Their concluding paragraph states, “Beginning as simply a sign that follows those who believe, female ritual healing was an integral part of the development of Mormon healing generally. Affirming years of practice, Joesph Smith revealed that women in the Church had both the authority to heal and access to divine power. Equipped with the same rituals as male members, even sometimes ministering with them, women helped to establish Mormonism’s unique culture, blending medicine and divine cures. Women learned how to ritually administer as did men; they relied on the ready examples of trusted leaders, communal experience, and oral communication. The twentieth century brought dramatic changes, first with liturgical and then priesthood reformation. While female healing persisted for decades, relying on older and outmoded methods of pedagogy, it eventually faded as modern systems and new perspectives dominated the liturgy and leadership of the Church. Though the Church currently does not authorize women to administer healing rituals, the heritage of female healing in the LDS Church is an essential facet of Mormon history and testament to the faith, power, and community of Mormon women” (85).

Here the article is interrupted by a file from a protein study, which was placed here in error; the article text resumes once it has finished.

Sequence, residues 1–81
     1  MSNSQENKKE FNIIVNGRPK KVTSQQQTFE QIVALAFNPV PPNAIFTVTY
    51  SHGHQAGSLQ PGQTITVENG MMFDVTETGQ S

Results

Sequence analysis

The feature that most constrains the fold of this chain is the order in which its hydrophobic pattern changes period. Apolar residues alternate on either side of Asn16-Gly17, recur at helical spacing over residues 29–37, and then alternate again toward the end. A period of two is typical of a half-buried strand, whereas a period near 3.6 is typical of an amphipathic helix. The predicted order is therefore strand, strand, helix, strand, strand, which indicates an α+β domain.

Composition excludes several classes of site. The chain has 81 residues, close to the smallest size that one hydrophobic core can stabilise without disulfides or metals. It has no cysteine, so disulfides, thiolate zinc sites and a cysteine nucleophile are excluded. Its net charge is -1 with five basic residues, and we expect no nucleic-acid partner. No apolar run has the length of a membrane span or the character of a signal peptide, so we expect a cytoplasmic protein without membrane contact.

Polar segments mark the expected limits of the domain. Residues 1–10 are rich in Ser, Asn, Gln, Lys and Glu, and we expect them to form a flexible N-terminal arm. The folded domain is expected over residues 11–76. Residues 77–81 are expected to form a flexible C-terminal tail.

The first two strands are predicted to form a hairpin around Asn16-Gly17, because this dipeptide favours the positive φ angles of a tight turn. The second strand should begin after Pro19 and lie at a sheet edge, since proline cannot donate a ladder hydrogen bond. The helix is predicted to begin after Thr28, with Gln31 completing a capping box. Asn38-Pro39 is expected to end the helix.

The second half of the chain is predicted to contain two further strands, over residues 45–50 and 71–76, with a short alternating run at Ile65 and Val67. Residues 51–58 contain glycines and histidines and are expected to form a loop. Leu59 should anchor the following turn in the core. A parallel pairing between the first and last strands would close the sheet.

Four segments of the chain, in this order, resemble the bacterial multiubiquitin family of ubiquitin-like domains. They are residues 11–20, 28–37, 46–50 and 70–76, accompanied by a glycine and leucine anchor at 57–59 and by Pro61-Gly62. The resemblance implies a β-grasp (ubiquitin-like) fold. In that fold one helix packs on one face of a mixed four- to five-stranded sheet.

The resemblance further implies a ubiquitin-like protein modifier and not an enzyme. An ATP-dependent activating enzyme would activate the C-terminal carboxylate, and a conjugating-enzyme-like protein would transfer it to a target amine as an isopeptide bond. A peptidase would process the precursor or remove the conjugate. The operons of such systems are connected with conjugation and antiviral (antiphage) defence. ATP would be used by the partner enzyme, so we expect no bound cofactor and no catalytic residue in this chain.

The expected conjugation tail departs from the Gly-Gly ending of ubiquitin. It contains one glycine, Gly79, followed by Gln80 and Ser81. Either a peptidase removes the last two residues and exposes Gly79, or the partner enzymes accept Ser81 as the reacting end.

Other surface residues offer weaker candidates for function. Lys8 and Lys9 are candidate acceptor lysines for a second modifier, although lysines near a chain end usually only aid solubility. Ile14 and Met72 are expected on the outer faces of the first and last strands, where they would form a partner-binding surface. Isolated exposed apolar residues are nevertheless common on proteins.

This is truly a gem of an article (and part of what makes it so is the source material they use–wow) and this brief overview does absolutely no justice to it.
Scott Esplin’s article on the closing of the Church college in New Zealand is interesting and a welcome addition to the growing literature on Church Education, particularly on units outside the United States. He does a good job of presenting the facts of the school’s establishment and some of the struggles over its closing including some local opposition. Esplin notes, though, that once Church leaders called on members in the area to accept the closing as the decision of 15 prophets, local opposition calmed. He hints at the role of the school and its buildings for the larger New Zealand community.